Named tuples have all the features of regular tuples
Named tuples are a special type of tuple, with extra features. But you can still use them like normal tuples as well if you prefer. You can use positional or named parameters to create the tuple. The positional order is red, green, blue as per the original definition of Color.
color2 = Color(blue=1, red=1, green=0) print(color2) color3 = Color(0, 0, 1) # Positional, must be in order r, g, b print(color3) color4 = Color(0.5, blue=1, green=0.5) # Positional red, then named blue, green print(color4)
Color(red=1, green=0, blue=1) Color(red=0, green=0, blue=1) Color(red=0.5, green=0.5, blue=1)
You can access elements using names or indices:
print(color2.red) # Named red field print(color2.) # Indexed field 0, which is red because order is r, g, b
You can also use unpacking, again the order is r, g, b due to the definition of Color:
r, g, b = color4
Named tuples come with a few additional methods that can be quite useful. The method names all start with underscores - that is why field names aren't allowed to start with underscores. Doing this avoids any of the built in methods clashing with field names you might want to use.
_make(iter) will create a new named tuple instance from a sequence or any other iterable. For example:
k = [1, 0, 0.5] color5 = Color._make(k) print(color5) #Color(red=1, green=0, blue=0.5)
Of course you could alternatively use:
k = [1, 0, 0.5] color5 = Color(*k)
_asdict() creates a
dict object with the fields and values:
color = Color(1, 0, 0.5) d = color._asdict() print(d)
dict([('red', 1), ('green', 0), ('blue', 0.5)])
This is useful if you want to iterate over the keys.
Note that Python versions 3.1 to 3.7 return an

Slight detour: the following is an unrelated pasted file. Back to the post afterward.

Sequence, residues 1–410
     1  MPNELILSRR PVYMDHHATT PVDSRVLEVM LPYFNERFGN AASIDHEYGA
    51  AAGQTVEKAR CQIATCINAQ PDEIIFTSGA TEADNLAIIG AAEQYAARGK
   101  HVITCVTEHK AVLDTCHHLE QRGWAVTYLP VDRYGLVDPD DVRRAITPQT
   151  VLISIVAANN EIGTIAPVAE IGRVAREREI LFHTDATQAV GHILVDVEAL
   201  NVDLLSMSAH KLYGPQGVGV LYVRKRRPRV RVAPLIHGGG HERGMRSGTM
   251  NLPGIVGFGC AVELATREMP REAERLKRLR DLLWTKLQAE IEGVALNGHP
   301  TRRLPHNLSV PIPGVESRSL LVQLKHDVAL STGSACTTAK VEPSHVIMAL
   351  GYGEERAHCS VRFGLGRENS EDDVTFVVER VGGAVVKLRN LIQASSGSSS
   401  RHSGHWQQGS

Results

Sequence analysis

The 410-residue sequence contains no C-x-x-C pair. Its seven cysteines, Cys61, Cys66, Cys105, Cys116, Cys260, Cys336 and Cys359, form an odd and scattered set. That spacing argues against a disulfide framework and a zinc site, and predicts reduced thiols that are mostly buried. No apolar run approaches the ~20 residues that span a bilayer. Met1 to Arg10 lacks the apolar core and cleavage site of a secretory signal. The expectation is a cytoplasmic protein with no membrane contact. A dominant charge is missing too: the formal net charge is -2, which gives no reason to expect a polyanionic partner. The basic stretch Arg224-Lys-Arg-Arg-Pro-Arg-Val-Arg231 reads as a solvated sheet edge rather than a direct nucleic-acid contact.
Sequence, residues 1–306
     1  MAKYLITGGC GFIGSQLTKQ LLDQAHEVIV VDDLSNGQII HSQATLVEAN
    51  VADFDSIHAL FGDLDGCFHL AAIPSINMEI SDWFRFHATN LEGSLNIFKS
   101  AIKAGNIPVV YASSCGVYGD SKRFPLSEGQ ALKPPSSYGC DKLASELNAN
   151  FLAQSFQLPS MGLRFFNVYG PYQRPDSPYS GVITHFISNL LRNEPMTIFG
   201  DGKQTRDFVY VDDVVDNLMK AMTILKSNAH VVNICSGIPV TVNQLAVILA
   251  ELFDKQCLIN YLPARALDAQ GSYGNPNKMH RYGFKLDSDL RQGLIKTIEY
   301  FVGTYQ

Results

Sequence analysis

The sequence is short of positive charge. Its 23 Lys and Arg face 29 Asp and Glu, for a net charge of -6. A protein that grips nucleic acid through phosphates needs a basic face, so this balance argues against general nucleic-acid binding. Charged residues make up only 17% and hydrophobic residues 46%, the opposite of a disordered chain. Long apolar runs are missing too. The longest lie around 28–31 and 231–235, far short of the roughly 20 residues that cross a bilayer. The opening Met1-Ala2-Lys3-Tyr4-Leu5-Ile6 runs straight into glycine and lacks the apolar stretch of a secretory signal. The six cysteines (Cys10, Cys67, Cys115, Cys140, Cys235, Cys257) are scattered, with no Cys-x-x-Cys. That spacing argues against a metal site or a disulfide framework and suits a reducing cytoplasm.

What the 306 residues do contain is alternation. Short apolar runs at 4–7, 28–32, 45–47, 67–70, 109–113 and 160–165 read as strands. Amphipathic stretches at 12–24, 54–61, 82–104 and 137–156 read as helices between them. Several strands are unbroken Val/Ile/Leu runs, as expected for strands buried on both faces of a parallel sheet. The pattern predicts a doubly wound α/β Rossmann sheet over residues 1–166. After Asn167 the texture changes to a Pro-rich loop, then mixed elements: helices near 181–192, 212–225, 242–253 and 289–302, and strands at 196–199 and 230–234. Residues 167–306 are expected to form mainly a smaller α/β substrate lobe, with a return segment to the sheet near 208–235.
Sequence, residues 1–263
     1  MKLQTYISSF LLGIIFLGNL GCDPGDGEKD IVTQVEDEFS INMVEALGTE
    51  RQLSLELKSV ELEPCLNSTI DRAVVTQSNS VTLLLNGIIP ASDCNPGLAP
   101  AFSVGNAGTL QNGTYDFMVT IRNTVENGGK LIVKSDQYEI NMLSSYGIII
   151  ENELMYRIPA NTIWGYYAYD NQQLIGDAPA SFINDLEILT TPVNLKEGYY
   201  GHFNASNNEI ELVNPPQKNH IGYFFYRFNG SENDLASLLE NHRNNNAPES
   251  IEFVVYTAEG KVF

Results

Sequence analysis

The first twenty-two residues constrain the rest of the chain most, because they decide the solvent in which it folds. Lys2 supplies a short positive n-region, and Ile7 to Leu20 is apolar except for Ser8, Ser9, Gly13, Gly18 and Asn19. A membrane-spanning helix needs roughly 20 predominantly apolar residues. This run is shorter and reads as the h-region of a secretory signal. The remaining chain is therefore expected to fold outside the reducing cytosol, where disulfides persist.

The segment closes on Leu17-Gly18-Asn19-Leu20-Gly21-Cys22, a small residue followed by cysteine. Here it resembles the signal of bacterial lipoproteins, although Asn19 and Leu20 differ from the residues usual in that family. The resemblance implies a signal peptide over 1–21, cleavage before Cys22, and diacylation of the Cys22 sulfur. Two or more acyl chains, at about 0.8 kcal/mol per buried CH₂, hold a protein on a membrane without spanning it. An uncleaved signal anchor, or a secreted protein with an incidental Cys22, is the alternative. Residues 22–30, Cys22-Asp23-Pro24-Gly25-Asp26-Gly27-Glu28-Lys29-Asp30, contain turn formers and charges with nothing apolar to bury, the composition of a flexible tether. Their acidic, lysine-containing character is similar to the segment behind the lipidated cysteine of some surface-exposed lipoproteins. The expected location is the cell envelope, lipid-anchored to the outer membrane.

OrderedDict, a special version of
dictthat has preserves the order of the entries (so the entries will always be in the order defined for the named tuple: red, green, blue in this case. As of Python 3.8 ordinary
dictobjects are ordered automatically so an ordinary
_fields is a tuple containing the fields of the named tuple (but not the values):
color = Color(1, 0, 0.5) t = color._fields print(t)
_fields not a function, it is just a data member of the named tuple. The code above gives:
('red', 'green', 'blue')
_replace() creates a new named tuple, of the same type as the original, but with one or more of its values changed. For example:
k = [1, 0, 0.5] color = Color(1, 0, 0.5) color2 = color._replace(red=0.3, blue=0.6) print(color2)
This creates a new named tuple, replacing the red and blue fields with new value but leaving the green unchanged. So
Color(red=0.3, green=0, blue=0.6)
Under the hood
When you define a named tuple, Python actually creates a new class. The new class is created dynamically from the supplied field names. So our
Color named tuple class has data members called
blue. If we were to create a named tuple to hold an (x, y) screen coordinate, it would have data members named
This makes named tuples very efficient, compared to, say, a dictionary. We could use dictionaries to represent a colour:
color = dict(red=1, green=0.5, blue=0) print(color['blue'])
The main problem here is that every colour dictionary we define has to keep its own copies of the strings 'red', 'green' and 'blue'. Python might optimise this to some extent by reusing constant strings, but a dictionary object is still larger than a tuple.
A named tuple instance occupies more or less the same amount of memory as regular tuple.
Named tuples provide the convenience of using tuples as an ad hoc way of grouping related data items to create a record, but they have the added advantage of allowing you to create and read the individual fields by name as well as index.